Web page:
Oklahoma State Medical Association to challenge state’s Medicaid managed-care program
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The Oklahoma State Medical Association on Tuesday said it plans to seek a court injunction against the state’s recently announced $2.1 billion Medicaid managed-care program.
The association plans to challenge the Oklahoma Health Authority’s decision to allow UnitedHealthcare, Blue Cross and Blue Shield of Oklahoma, Humana Healthy Horizons and Centene Corp. subsidiary Oklahoma Complete Health to manage Medicaid benefits for the state’s 903,000 enrollees come Oct. 1. The initiative, named SoonerSelect, covers lower-income adults, Temporary Assistance for Needy Families and the Children’s Health Insurance Program.
The group said it takes issue with private companies operating the state’s Medicaid program, rather than the Health Care Authority. Through SoonerSelect, the state will pay private insurers under a capitated payment model, offering payers a set fee per enrollee to coordinate care and allowing payers to elect how they reimburse providers. The Oklahoma Health Care Authority currently reimburses providers through a fee-for-service model.
Under its recently expanded Medicaid program, the Oklahoma Department of Insurance said an additional 200,000 adult beneficiaries meet income eligibility requirements for coverage. The organization referred questions about the proposed suit to the Oklahoma Health Authority, which did not immediately respond to interview requests.
Dr. Woody Jenkins, co-chair of the association’s rural section, said he worried that private insurers would charge inflated fees to cover their high administrative costs, increasing patient care price and disproportionately impacting rural patients. He said administrative costs at the Oklahoma Health Care Authority currently run at 5%, while administrative expenses at managed-care companies in other states reach at least 15%.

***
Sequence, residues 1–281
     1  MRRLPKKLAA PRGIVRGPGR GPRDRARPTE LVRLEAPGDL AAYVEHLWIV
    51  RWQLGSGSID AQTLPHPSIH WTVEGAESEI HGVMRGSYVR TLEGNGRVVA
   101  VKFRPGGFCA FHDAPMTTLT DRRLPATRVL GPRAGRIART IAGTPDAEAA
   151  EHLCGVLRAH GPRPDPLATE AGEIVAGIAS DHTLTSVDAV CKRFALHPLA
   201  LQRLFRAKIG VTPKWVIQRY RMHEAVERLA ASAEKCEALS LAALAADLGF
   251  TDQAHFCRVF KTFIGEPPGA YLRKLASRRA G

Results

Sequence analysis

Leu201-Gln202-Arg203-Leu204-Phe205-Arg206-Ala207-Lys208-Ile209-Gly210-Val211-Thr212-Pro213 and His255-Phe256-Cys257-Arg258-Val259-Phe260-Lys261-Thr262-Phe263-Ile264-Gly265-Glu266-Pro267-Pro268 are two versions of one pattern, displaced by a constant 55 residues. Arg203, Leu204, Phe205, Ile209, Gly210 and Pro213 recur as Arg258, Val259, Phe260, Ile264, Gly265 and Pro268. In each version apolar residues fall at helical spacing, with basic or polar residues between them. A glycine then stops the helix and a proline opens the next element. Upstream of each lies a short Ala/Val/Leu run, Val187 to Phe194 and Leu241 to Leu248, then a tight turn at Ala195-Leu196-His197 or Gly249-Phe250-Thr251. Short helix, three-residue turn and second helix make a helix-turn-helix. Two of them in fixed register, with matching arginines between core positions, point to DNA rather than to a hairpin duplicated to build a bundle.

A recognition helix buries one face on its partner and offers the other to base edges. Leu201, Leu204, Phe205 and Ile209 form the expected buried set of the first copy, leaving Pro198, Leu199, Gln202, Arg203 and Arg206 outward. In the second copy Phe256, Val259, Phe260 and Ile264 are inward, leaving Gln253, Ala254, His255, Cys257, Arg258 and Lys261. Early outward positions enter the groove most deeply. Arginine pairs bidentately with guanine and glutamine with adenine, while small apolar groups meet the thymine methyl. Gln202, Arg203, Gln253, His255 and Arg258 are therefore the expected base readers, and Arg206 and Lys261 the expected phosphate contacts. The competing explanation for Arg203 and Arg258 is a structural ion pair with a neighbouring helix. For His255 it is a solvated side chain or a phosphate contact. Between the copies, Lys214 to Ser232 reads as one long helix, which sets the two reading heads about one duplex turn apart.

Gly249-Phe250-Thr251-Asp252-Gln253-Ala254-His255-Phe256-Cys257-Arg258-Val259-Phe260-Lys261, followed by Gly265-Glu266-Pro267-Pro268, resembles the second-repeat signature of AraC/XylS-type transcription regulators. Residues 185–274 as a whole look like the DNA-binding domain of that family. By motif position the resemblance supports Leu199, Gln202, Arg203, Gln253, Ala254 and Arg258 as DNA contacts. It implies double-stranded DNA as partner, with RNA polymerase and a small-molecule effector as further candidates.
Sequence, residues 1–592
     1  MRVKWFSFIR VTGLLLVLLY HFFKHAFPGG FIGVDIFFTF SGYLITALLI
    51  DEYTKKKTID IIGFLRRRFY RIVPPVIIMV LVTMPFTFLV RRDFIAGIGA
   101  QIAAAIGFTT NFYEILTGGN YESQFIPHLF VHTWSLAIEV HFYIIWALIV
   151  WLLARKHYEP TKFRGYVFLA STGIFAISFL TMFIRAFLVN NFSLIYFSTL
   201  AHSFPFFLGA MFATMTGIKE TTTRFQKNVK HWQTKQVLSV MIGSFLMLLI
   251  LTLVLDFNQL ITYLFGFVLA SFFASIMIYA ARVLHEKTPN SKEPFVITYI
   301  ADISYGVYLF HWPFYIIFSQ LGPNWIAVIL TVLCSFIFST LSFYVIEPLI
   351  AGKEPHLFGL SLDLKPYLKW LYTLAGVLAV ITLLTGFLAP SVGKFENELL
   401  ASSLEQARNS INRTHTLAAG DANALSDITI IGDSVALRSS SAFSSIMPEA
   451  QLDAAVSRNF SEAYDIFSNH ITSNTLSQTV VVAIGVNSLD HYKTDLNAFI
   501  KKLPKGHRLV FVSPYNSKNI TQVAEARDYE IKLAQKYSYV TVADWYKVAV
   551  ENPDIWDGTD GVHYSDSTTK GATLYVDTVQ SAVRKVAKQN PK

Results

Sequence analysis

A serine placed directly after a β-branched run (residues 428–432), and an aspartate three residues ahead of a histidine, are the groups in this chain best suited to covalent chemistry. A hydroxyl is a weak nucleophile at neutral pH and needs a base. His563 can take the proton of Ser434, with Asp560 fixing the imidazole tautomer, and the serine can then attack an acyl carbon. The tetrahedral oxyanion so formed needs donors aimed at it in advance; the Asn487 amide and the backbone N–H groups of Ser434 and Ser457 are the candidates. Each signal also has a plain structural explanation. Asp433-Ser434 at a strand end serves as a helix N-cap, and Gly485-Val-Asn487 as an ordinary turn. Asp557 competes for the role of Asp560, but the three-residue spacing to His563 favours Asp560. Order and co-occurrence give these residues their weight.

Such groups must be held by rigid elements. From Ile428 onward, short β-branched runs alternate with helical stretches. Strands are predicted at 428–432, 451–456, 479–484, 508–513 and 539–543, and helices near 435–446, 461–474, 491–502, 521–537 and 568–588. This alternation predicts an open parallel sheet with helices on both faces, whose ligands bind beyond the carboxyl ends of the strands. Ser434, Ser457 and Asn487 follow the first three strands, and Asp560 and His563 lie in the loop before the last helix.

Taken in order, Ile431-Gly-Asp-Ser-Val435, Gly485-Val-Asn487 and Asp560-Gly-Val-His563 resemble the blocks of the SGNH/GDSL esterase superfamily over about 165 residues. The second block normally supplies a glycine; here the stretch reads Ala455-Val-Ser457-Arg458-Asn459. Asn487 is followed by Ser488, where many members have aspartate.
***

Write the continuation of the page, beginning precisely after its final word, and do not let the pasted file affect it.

“We all want state agencies to run more efficiently, but to date, we’ve yet to hear a good explanation of how removing billions of dollars from the Health Care Authority and sending it to largely out-of-state private companies can achieve this goal,” Jenkins said in a statement.
The group also takes issue with how the agency made the decision. The association said that the Oklahoma Health Authority approved the managed-care contracts, despite a lack of approval from the legislature. Dr. George Monks, president of the Oklahoma State Medical Association, called for the court to put the process on hold on the bids until legislators make a final ruling on the managed-care program.
“Do we want to allow unelected agency boards and commissions to potentially put the state on the hook for billions of dollars in future spending without discussion and approval by the legislators who must ultimately approve the funding?” Monks said in a statement.
In a statement, the Oklahoma Health Care Authority countered that “Oklahoma law provides full authority for its development of the plan to improve the present delivery of the Oklahoma Medicaid Program to the managed-care system.”
The contracts are valid for one year, with five optional one-year extensions at the state’s discretion. StateImpact Oklahoma estimates that contracts are worth a combined $2.1 billion.